Street Audits to Measure Neighborhood Disorder: Virtual or in-Person?

Mooney, Stephen J.; Bader, Michael D. M.; Lovasi, Gina S.; Teitler, Julien O.; Koenen, Karestan C.; Aiello, Allison E.; Galea, Sandro; Goldmann, Emily S.; Sheehan, Daniel M.; & Rundle, Andrew G. (2017). Street Audits to Measure Neighborhood Disorder: Virtual or in-Person? American Journal of Epidemiology, 186(3), 265-73. PMCID: PMC5860155

Mooney, Stephen J.; Bader, Michael D. M.; Lovasi, Gina S.; Teitler, Julien O.; Koenen, Karestan C.; Aiello, Allison E.; Galea, Sandro; Goldmann, Emily S.; Sheehan, Daniel M.; & Rundle, Andrew G. (2017). Street Audits to Measure Neighborhood Disorder: Virtual or in-Person? American Journal of Epidemiology, 186(3), 265-73. PMCID: PMC5860155

Octet Stream icon 10565.ris — Octet Stream, 1 kB (1,979 bytes)

Neighborhood conditions may influence a broad range of health indicators, including obesity, injury, and psychopathology. In particular, neighborhood physical disorder-a measure of urban deterioration-is thought to encourage crime and high-risk behaviors, leading to poor mental and physical health. In studies to assess neighborhood physical disorder, investigators typically rely on time-consuming and expensive in-person systematic neighborhood audits. We compared 2 audit-based measures of neighborhood physical disorder in the city of Detroit, Michigan: One used Google Street View imagery from 2009 and the other used an in-person survey conducted in 2008. Each measure used spatial interpolation to estimate disorder at unobserved locations. In total, the virtual audit required approximately 3% of the time required by the in-person audit. However, the final physical disorder measures were significantly positively correlated at census block centroids (r = 0.52), identified the same regions as highly disordered, and displayed comparable leave-one-out cross-validation accuracy. The measures resulted in very similar convergent validity characteristics (correlation coefficients within 0.03 of each other). The virtual audit-based physical disorder measure could substitute for the in-person one with little to no loss of precision. Virtual audits appear to be a viable and much less expensive alternative to in-person audits for assessing neighborhood conditions.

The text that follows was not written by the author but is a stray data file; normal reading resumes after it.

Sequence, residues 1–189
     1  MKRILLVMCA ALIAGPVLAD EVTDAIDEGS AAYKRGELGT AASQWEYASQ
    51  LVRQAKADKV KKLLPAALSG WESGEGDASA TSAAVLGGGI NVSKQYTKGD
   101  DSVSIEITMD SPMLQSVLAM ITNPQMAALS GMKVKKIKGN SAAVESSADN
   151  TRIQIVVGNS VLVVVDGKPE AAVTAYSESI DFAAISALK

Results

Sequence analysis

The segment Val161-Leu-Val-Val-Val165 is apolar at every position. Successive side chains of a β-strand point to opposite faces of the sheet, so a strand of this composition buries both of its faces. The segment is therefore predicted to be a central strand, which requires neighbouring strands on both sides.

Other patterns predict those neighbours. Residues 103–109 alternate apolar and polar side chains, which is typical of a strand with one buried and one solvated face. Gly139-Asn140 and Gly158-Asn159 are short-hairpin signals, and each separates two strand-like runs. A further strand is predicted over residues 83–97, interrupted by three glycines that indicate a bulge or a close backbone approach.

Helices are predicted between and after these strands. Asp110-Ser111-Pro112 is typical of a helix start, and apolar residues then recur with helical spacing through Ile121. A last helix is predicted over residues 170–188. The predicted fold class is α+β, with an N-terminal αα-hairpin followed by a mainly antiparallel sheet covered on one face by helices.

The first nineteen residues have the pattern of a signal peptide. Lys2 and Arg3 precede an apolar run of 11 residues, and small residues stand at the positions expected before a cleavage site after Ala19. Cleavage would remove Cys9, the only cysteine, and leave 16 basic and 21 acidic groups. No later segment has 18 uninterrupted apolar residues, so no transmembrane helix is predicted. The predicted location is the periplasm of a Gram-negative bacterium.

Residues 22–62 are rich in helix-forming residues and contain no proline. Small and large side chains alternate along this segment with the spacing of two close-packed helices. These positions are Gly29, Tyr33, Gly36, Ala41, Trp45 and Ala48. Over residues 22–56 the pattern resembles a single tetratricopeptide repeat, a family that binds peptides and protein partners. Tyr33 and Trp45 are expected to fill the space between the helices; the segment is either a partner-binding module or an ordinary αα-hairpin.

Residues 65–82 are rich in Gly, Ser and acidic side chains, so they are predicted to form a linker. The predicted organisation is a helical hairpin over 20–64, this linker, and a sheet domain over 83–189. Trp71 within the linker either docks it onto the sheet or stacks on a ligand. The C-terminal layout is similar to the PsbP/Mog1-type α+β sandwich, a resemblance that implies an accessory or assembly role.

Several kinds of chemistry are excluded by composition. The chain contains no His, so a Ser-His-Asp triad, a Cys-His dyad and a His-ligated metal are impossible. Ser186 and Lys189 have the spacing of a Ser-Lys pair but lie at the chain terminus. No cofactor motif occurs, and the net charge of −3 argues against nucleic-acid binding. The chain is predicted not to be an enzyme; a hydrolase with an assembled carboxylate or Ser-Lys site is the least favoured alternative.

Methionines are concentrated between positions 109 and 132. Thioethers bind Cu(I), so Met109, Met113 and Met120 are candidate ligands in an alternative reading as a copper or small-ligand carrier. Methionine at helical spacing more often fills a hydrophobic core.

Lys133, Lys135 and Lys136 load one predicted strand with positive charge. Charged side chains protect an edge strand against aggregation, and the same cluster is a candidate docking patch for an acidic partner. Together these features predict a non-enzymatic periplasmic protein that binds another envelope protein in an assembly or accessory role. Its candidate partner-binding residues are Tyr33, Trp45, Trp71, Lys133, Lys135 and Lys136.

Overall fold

JOUR



Mooney, Stephen J.
Bader, Michael D. M.
Lovasi, Gina S.
Teitler, Julien O.
Koenen, Karestan C.
Aiello, Allison E.
Galea, Sandro
Goldmann, Emily S.
Sheehan, Daniel M.
Rundle, Andrew G.



2017


American Journal of Epidemiology

186

3

265-73








PMC5860155


10565

Wink Plone Theme by Quintagroup © 2013.

Personal tools
This is themeComment for Wink theme